Oatmeal

Ways To Use Tahini

January 6, 2021

Tahini, a roasted sesame seed paste, is the key ingredient in hummus recipes, but you can also use tahini these ways:

Nut-Free Peanut Sauce
Combine with soy sauce, lime juice, brown sugar, and crushed red pepper. Check labels to be certain that your tahini is nut-free.

Veggie Burgers
Add a spoonful to help bind bean or lentil burger mixture together instead of using an egg.

Oatmeal
Drizzle over a bowl of oatmeal topped with sliced bananas, a dollop of yogurt, and maple syrup.

Dressing
Stir together with lemon juice, olive oil, and minced garlic as a dressing for salads or grain bowls.

Brownies
Swirl into a pan of brownie batter before baking to balance the sweetness of the chocolate.

©Tiny New York Kitchen © 2021 All Rights Reserved

20 Good Health Habits

January 28, 2020

Start small, with goals that work for you and your family. These are the habits you’ll keep in the long run.

1. Add More Color To Your Plate
More color on your plate means more variety, more nutrients, and more flavor. The next time you shop, try putting the rainbow in your cart: orange citrus, yellow pineapple, and dark leafy greens.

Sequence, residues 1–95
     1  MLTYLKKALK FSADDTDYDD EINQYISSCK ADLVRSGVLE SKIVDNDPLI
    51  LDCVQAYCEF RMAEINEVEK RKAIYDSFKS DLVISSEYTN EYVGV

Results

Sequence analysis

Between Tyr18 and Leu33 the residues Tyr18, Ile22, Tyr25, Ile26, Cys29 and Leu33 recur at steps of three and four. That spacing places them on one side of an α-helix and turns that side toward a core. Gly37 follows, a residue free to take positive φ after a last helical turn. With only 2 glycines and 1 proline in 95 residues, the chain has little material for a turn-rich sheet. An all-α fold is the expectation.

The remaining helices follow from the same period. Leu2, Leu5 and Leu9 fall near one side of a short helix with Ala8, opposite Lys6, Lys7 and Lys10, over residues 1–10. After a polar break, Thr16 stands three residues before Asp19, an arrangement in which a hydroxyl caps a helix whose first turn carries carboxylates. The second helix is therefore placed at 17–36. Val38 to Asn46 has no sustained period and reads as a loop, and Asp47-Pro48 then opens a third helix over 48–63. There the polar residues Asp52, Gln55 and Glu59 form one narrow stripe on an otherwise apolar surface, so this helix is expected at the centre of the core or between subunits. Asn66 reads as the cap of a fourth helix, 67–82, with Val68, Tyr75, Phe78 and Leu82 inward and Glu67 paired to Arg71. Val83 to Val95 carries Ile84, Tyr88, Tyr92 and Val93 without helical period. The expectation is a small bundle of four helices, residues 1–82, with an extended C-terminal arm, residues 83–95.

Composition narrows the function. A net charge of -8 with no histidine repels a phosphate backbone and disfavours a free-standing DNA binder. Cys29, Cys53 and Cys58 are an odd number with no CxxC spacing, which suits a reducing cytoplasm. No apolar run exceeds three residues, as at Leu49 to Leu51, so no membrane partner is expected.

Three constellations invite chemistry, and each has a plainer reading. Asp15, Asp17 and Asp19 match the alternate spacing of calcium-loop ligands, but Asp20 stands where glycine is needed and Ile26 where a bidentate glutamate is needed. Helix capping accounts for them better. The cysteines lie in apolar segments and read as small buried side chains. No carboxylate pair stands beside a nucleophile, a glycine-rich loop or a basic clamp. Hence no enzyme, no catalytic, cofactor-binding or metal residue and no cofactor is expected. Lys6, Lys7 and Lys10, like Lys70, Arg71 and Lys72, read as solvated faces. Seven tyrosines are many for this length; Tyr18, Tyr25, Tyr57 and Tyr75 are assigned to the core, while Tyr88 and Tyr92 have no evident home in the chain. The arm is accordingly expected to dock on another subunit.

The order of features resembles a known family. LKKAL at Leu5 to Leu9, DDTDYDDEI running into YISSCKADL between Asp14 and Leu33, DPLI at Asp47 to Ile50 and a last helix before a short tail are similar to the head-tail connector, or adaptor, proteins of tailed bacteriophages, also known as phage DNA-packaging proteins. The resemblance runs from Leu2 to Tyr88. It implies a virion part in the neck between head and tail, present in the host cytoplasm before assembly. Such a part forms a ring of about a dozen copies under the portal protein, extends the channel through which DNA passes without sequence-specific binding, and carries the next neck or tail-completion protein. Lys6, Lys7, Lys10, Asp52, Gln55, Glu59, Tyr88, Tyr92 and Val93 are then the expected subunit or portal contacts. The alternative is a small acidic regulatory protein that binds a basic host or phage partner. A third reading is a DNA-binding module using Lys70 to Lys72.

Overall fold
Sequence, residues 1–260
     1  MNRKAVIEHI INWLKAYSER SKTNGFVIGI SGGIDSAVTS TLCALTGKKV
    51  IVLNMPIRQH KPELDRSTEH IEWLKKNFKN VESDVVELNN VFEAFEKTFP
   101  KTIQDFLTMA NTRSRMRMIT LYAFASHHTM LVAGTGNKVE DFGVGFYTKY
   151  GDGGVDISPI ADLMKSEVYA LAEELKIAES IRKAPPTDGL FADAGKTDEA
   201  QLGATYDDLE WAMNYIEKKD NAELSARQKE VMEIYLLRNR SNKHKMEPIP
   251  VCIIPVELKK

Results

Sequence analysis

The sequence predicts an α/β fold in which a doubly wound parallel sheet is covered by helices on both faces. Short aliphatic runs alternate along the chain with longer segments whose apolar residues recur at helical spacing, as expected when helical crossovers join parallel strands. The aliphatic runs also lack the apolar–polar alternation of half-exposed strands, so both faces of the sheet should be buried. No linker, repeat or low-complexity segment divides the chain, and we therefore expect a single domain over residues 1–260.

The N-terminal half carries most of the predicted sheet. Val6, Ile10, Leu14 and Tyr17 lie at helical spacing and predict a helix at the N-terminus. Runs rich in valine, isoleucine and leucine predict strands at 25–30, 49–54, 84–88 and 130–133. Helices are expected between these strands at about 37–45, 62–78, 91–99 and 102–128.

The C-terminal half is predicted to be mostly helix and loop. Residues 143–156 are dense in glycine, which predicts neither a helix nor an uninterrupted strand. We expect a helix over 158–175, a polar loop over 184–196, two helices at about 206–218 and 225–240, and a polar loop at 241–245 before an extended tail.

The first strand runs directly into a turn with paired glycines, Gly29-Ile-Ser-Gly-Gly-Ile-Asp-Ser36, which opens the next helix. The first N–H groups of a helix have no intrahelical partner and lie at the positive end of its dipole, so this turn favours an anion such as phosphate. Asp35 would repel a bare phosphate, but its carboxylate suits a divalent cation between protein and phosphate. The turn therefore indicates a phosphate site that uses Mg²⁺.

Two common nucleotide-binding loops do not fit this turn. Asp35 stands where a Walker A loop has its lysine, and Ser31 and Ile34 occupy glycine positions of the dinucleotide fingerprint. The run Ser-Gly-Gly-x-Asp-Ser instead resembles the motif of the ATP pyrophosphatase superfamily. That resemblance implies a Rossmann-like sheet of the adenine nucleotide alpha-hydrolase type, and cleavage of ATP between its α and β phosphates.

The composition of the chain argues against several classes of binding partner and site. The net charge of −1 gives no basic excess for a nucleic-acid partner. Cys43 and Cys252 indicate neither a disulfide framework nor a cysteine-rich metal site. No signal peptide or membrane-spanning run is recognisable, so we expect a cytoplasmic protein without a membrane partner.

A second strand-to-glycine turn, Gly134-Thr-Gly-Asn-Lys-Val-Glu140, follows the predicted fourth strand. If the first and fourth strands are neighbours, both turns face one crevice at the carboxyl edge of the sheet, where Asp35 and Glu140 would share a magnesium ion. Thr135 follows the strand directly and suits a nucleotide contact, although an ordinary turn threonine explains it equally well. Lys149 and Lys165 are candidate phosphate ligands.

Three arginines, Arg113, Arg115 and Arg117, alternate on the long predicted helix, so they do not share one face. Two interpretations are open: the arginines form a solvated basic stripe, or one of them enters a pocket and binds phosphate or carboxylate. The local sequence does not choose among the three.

2. Eat Seasonally
Keep a produce calendar handy so you know what to look for. In season produce is fresher and typically less expensive. January is good for root vegetables, kale, and citrus.

3. Drink More Water
Stay hydrated by infusing your water with citrus slices, herbs, berries, or cucumber. Making water more interesting will encourage you to drink more.

4. Try A Whole Grain Swap For Pasta And Bread
Once in a while replace regular pasta and bread with a whole grain alternative. These complex carbs will help you feel full. Look for whole wheat, whole grain, and multigrain alternatives.

5. Pack Your Snacks
Opt for high fiber and protein snacks like hummus and pretzels or apples and peanut butter. Unlike sugar and empty carbs, fiber ad protein will keep you full.

6. Eat Breakfast More Often